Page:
LAFAYETTE — The Lafayette City-Parish Council has some big-ticket budget disputes to hash out at a Thursday meeting, as well as a few squabbles over expenses for individual council members.
The most substantial proposed changes to City-Parish President Joey Durel’s budget are tied to efforts by the council to find more money for better police pay.
The administration’s proposed budget sets aside $782,000 for police pay raises, which would bring starting pay to $2,850 a month, but the police union is pushing for a $1.4 million pay plan to boost starting salaries to $2,916 a month and spread more pay increases up through the ranks.
The council on Thursday will consider three big shifts in funds that, if approved, would bridge the gap between the two pay plans, but all three cuts will likely face opposition from the administration, a split council or both.
Councilman Kenneth Boudreaux has proposed partially funding a bigger pay raise for police by ending the roughly $500,000 in overtime money for a special police detail to keep tabs on weekend crowds downtown, arguing the money should support the entire department rather than being focused on one small area of the city.
Police Chief Jim Craft said at a committee meeting Wednesday that he believes the budget for the downtown detail could be trimmed but that a beefed-up presence is needed on weekends until a better solution is found to deal with crime problems linked to big crowds frequenting downtown bars.
Boudreaux said he is open to compromise but feels at least some money can be shifted from the costly downtown detail to help boost police pay overall.
“Will I fully zero it out? Probably not,” he said.
Councilman William Theriot has proposed killing about $670,000 in the budget for subsidies for nongovernmental groups, including social service agencies, the Acadiana Arts Council and Festival International, using the money instead for salaries in the police and fire departments.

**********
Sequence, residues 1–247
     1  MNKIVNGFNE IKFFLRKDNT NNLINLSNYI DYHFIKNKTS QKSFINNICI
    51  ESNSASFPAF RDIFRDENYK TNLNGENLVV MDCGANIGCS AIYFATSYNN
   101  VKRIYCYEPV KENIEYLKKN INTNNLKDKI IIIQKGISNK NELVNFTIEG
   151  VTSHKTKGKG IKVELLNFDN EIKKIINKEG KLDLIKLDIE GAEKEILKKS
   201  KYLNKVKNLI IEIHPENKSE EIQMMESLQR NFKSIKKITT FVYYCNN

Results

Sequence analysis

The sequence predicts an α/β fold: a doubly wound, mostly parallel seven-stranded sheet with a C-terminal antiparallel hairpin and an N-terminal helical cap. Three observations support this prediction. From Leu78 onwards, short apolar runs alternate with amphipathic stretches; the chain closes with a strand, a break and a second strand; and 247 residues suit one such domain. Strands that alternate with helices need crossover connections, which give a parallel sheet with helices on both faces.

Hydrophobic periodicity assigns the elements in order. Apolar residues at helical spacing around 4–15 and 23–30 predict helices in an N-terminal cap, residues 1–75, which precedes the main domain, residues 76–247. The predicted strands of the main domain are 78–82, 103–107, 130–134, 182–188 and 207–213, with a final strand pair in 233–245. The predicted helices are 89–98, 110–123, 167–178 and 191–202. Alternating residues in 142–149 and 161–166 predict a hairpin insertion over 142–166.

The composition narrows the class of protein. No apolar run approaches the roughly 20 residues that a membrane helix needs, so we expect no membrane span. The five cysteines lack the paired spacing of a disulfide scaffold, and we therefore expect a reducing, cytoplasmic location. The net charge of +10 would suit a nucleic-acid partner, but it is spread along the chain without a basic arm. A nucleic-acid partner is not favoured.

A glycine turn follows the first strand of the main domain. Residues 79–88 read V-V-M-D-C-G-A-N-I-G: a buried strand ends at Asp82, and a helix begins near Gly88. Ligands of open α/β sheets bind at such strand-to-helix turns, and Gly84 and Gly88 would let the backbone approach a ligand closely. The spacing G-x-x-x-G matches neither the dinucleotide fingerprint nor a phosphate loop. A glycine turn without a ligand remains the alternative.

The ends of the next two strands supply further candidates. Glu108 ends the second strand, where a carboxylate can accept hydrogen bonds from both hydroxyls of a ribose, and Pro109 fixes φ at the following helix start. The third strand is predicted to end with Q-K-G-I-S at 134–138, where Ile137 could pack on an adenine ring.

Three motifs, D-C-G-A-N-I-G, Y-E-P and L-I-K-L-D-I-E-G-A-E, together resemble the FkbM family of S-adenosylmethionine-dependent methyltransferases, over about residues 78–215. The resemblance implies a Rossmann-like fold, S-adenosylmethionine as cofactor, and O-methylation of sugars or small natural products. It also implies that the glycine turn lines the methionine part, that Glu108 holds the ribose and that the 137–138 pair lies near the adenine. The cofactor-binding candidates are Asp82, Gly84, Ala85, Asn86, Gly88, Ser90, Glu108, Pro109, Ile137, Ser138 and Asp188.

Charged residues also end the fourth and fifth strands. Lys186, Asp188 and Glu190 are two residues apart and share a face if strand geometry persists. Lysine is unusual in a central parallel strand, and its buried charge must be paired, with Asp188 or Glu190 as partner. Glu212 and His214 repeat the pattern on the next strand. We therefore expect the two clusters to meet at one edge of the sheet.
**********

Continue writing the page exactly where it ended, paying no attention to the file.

“It’s money for government that should be used for government,” Theriot said.
Theriot and others have routinely tried to cut subsidies for arts and social service groups in recent years, but the majority of the council has voted to keep the funding in place.
In a third proposed cut aimed at finding money for the police union’s pay plan, Councilman Jared Bellard wants to grab $275,000 now used for a GPS program to track city-parish vehicles.
Durel has said the tracking program aims to reduce fuel costs and increase productivity by enabling supervisors to better monitor city-parish employees.
“I think it (the money) would benefit the Police Department more than tracking down equipment,” said Bellard, who has tried unsuccessfully before to shift money from the vehicle tracking program to cover public safety expenses.
The proposals by Boudreaux, Theriot and Bellard are the three biggest proposed budget amendments still in dispute, but a few proposed adjustments to council members’ expense accounts might also generate lively debate, including a proposal by Councilman Brandon Shelvin to add $20,000 each for himself and Boudreaux to open field offices in their districts.
Shelvin said the offices are needed because many of his constituents either don’t have transportation to get to city hall or might be wary of coming to such a formal government office.
The $20,000 would cover lease payments and office expenses, and Shelvin said the preliminary plan is to staff the offices with student interns from the University of Louisiana at Lafayette.
Councilmen Bellard, Theriot and Andy Naquin have gone on record opposing Shelvin’s plan.
“The additional amounts of money needed to open field offices at this time, in my opinion, are not warranted,” Theriot said.
Theriot is also the subject of a proposed budget amendment by Shelvin that would cut all money available to Theriot for expenses such as travel, meetings and postage.
Shelvin declined comment Wednesday on why he targeted Theriot for the cut, but the two councilmen don’t always see eye-to-eye on issues.
Theriot said only that it “will be interesting to see what the council does.”
The council has been working through Durel’s proposed budget in a series of hearings over the past two months.
The proposed budget totals more than $600 million, but the bulk of that is the city-owned utilities system and restricted tax money the council has little control over.
The council’s budget sessions have focused on the roughly $113 million in the city and parish general funds.
The budget is for the fiscal year that begins Nov. 1.